Welcome to Support for all

Checking your Breasts

Breast Screening Women

Aged 50-70 who are registered with a GP are invited by the NHS to have their breasts screened every three years. Screening involves taking an x-ray of the breast, called a mammogram. The mammogram is then studied for any abnormalities.
Mammograms are taken by a female healthcare professional, and the aim is to find abnormalities that are too small to be felt.
Screening is estimated to save around 1,300 lives every year. Around a third of all breast cancers are diagnosed by screening.
You may be eligible for screening before you’re 50 if there’s a family history of breast cancer.

Why Check Your Breasts?

Breast cancer is the most common cancer in the UK and affects about 48,000 women every year. 80% of women affected by breast cancer are over 50, but it does affect younger women. Men can also get breast cancer, although this is quite rare.
Knowing what your breasts look and feel like can help you spot any changes, so it is important to check them regularly.
Not all changes in your breasts are something to be worried about—their look or feel may change throughout your menstrual cycle, during/ after pregnancy, or the menopause. It is important to get to know how your breasts look and feel at different times of the month so that you can spot any abnormal changes.

How to Check your Breasts

In the shower—using the pads of your fingers, move around your breast in a circular pattern from the outside to the centre, check the breast and armpit area. Check both breasts each month for any lumps, thickening, or hardened knots.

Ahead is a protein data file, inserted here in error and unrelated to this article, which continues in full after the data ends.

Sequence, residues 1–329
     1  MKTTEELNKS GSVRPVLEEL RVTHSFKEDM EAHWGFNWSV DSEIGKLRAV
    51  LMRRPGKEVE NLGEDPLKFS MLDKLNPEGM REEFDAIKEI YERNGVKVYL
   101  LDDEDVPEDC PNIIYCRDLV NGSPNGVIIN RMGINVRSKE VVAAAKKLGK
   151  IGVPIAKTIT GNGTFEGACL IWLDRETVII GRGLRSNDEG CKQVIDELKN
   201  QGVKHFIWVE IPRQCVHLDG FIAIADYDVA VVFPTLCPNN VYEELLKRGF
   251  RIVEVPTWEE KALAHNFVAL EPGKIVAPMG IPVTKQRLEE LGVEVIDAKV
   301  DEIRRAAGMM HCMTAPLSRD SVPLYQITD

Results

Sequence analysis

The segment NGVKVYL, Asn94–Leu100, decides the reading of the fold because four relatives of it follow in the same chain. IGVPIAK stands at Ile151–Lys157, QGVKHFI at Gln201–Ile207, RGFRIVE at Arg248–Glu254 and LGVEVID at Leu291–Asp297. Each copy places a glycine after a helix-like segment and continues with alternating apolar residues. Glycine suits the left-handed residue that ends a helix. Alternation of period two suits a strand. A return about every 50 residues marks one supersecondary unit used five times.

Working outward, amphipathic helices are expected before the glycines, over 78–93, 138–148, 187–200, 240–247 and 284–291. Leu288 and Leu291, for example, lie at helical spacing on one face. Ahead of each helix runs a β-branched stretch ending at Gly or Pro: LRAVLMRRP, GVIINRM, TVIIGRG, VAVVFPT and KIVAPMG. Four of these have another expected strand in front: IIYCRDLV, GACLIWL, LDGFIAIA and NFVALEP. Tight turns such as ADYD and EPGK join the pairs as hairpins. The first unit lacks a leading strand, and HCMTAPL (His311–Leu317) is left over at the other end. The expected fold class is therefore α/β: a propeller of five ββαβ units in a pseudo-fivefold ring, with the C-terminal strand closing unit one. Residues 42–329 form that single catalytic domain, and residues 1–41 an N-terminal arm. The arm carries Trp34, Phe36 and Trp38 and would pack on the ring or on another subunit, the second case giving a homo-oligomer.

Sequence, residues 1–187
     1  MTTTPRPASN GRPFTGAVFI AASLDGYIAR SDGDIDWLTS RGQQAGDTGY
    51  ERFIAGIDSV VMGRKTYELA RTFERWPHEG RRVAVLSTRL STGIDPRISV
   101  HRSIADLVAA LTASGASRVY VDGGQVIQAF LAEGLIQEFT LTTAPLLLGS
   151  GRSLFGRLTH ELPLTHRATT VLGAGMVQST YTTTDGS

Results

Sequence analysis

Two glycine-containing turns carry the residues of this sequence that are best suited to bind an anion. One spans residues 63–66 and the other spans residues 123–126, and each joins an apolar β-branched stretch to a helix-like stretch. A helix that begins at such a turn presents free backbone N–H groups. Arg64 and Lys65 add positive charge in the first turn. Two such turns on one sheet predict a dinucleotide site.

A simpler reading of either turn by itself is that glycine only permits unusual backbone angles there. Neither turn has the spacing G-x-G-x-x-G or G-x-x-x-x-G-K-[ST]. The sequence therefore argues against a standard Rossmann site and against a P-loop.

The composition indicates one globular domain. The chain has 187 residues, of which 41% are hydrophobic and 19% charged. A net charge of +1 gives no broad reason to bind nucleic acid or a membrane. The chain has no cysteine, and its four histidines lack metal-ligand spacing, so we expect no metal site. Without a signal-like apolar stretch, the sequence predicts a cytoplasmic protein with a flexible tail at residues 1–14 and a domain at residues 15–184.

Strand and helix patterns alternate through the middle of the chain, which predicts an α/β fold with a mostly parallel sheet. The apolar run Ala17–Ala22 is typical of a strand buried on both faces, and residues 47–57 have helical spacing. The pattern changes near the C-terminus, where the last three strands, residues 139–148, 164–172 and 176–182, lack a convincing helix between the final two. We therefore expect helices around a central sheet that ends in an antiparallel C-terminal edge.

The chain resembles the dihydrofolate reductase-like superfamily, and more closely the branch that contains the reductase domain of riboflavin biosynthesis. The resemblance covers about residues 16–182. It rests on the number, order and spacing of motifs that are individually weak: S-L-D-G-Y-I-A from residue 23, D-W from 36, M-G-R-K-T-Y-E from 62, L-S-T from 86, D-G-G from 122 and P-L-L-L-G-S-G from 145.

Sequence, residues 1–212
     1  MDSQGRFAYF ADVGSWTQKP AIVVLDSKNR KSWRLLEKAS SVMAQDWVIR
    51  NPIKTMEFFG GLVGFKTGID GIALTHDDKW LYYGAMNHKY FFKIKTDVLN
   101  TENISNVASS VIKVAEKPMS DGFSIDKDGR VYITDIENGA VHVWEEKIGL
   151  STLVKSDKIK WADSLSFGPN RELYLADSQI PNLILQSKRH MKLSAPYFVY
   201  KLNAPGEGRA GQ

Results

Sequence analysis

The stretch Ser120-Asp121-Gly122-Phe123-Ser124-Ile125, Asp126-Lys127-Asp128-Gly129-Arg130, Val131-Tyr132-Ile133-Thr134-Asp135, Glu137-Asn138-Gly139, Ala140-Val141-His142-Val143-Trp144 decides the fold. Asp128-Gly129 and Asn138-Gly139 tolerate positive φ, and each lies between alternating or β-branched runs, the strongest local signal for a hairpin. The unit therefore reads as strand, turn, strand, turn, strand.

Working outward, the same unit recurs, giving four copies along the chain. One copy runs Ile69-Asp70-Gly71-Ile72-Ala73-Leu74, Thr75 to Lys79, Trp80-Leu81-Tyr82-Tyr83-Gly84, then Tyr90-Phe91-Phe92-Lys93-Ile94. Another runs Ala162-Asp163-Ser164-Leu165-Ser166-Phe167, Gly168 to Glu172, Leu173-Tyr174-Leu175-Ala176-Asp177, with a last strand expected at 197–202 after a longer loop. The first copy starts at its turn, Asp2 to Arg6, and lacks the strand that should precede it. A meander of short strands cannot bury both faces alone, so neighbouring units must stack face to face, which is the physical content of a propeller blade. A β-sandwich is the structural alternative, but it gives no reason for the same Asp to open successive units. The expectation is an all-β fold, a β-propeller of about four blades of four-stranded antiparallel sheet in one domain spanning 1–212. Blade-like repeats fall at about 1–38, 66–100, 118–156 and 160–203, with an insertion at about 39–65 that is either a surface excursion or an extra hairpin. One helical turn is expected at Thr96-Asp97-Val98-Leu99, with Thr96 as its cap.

In front of a mirror—look at your breasts with your arms at your sides. Next, raise your arms over your head and look for changes in shape, swelling, dimpling of the skin, or changes in the nipples. Next, rest your palms on your hips and press to flex your chest muscles. Left and right breasts will not exactly match (few women's breasts do), so look for changes, particularly on one side.
Lying down—Place a pillow under your right shoulder and your right arm behind your head. Using your left hand, move the pads of your fingers around your right breast in small circular motions covering the breast area and armpit. Use light, medium, and firm pressure. Squeeze the nipple; check for discharge and lumps. Repeat for your left breast.

Changes in the Breast

Once you’ve checked your breasts, did you notice any of the following?
Changes in the outline or shape of the breast, especially those caused by arm movements or lifting the breast
Changes in the look or feel of the skin, such as puckering or dimpling
Discomfort/ pain in one breast that is unusual, particularly if it is new and persistent
Any new lumps, thickening or bumpy areas in one breast or armpit, which differs from the same part of the other side
Nipple discharge that's new for you and not milky
Bleeding from the nipple
Moist, red areas on the nipple that don't heal easily
Any change in nipple position, such as pulled up or pointing differently
A rash on or around the nipple If you answered yes to any of these, see your GP.